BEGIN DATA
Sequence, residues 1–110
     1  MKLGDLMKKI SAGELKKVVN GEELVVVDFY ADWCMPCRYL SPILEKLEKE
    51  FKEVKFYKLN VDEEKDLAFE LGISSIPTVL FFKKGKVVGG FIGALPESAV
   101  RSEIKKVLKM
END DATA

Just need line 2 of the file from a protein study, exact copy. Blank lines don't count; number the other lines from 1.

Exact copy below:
     1  MKLGDLMKKI SAGELKKVVN GEELVVVDFY ADWCMPCRYL SPILEKLEKE